How to Respond to Sexual Harassment or Racial Discrimination Allegations in the Workplace
Dealing with sexual harassment and/or racial discrimination in the workplace can be a terrible time in a person’s career. That’s why understanding how to respond to this situation correctly is crucial for any company.
Businesses that do not have this knowledge or dismiss the importance of such allegations – deliberately or unwittingly – can face lawsuits, brand damage, and employee dissatisfaction.
Research shows that:
– Over 70% of BAME employees have been subjected to racial discrimination.
– Over 30% of BAME employees have been mistreated due to their race.
– Over 40% of BAME employees that complain about poor treatment are dismissed or ignored.
– Over 20% of US employees have faced sexual harassment in the workplace.
– Almost 30% of sexual harassment cases go unreported due to the complaining party’s fear of dismissal or retaliation.
These statistics prove that, sadly, sexual harassment and racial discrimination are often prevalent in the workplace. In this article, we’ve compiled the most effective ways that your company can respond to these allegations.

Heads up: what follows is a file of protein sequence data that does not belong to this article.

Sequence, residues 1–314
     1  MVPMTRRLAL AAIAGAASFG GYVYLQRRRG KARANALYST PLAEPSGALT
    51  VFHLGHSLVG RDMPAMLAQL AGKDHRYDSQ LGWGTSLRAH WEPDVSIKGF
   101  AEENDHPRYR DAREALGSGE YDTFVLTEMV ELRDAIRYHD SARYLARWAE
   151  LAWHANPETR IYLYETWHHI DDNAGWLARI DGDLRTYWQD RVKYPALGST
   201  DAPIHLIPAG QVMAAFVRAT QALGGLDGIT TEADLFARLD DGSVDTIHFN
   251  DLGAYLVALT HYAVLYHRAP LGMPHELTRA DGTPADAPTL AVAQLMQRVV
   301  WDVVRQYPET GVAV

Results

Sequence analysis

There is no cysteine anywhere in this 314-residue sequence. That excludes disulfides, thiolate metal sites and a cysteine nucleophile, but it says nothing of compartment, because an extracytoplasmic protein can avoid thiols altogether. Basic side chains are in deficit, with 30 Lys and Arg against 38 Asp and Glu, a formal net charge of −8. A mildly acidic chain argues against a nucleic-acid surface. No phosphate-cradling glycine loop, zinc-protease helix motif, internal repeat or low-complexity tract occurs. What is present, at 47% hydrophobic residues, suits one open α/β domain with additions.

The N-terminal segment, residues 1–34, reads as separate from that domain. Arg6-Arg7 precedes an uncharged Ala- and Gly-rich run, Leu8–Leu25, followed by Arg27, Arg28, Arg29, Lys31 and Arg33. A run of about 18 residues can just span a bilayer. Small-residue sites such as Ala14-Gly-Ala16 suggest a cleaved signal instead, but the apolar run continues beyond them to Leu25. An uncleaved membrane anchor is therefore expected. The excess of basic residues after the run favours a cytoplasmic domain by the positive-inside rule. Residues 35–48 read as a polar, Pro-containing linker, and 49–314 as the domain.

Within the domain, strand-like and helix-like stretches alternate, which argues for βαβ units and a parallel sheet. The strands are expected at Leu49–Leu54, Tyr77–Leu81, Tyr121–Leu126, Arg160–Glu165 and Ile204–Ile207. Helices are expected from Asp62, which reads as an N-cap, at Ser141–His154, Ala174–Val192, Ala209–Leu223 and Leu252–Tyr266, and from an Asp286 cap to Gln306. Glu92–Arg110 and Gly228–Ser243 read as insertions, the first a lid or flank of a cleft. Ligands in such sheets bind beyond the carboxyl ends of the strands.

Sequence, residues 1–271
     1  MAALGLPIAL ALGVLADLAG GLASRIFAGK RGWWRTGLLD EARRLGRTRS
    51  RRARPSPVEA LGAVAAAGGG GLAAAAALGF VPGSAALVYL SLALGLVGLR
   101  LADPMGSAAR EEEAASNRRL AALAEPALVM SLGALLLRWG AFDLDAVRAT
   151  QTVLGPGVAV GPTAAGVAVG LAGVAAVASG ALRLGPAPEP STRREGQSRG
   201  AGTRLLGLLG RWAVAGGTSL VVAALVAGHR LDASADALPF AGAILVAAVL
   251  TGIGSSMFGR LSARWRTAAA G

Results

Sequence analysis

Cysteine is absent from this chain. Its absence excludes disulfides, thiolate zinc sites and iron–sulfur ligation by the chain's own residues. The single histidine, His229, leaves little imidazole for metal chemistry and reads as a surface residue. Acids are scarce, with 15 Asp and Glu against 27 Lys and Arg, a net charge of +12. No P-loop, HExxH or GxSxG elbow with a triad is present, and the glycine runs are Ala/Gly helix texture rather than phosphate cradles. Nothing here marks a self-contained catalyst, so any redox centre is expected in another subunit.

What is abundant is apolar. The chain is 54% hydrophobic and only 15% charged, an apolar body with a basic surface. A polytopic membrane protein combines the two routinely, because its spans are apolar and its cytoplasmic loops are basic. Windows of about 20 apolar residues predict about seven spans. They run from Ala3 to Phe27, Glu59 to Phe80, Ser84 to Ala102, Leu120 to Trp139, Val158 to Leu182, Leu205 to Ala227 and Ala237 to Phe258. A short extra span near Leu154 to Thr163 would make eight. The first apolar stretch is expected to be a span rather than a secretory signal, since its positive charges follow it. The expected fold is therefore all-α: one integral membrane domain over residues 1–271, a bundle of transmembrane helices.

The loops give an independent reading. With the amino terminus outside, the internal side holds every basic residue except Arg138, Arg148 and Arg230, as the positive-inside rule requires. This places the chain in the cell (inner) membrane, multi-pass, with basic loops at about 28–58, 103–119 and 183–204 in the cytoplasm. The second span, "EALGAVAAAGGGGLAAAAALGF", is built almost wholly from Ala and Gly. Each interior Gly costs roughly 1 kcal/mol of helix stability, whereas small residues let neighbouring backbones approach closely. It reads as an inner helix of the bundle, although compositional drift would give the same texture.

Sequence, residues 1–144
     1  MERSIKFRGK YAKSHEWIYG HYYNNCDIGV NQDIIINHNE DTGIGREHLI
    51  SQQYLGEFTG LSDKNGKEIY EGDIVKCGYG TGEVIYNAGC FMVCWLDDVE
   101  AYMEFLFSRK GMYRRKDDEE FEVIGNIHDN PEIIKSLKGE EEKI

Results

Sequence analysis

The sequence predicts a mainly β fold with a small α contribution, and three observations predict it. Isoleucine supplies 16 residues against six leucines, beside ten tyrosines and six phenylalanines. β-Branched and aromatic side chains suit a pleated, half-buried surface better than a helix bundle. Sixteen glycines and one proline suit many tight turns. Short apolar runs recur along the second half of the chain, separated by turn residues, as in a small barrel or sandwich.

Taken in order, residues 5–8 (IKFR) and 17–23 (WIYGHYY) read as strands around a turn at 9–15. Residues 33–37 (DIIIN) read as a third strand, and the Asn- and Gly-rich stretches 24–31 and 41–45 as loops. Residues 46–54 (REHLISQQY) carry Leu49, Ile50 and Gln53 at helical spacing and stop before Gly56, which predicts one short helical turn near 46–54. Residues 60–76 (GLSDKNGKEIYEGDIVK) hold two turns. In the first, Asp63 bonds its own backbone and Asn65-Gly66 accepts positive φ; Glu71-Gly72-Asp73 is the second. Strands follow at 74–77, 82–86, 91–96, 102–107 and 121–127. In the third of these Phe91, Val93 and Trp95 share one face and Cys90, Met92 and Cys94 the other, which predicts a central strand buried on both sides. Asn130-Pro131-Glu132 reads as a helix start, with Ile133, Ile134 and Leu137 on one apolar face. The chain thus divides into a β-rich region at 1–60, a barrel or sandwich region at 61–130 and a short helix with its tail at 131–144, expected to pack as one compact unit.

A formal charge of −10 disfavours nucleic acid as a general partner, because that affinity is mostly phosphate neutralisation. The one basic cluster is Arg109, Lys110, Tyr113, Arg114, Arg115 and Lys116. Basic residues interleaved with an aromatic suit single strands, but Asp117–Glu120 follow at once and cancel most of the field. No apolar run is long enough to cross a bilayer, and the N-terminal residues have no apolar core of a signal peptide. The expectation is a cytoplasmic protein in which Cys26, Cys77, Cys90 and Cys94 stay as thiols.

But first, let’s start with some definitions.
What is sexual harassment?
The term ‘harassment’ is used to describe either verbal or physical behavior that’s hostile. Harassment can intimidate, offend, and affect the productivity and well-being of the victim.
Sexual harassment can include inappropriate advances, verbal requests, physical contact, and even written, graphic material of a sexual nature. Sexual harassment in the workplace, whether in a physical setting or in the digital sphere through personal or workplace messaging applications similar to slack, can make the victim feel helpless and believe that if they do not comply with these sexual requests, their career will be hindered.
Both men and women can be subjected to sexual harassment, and often, the sexual harassment complaint may come from a third-party witness. It’s also important to understand that sexual harassment can happen between any employees, regardless of position, and also between a customer and an employee.
Not only this, but sexual harassment in the workplace can include inappropriate sexual conduct outside of normal working hours, such as at company events.
There are two common types of sexual harassment in the workplace:
- Quid pro quo harassment. Employees can only conduct this type of harassment in senior positions. It involves asking for a sexual favor in return for a career-based favor such as a promotion or increased pay.
- Hostility in the workplace. This is when an employee carries out sexually related verbal or physical conduct that makes carrying out a job increasingly difficult.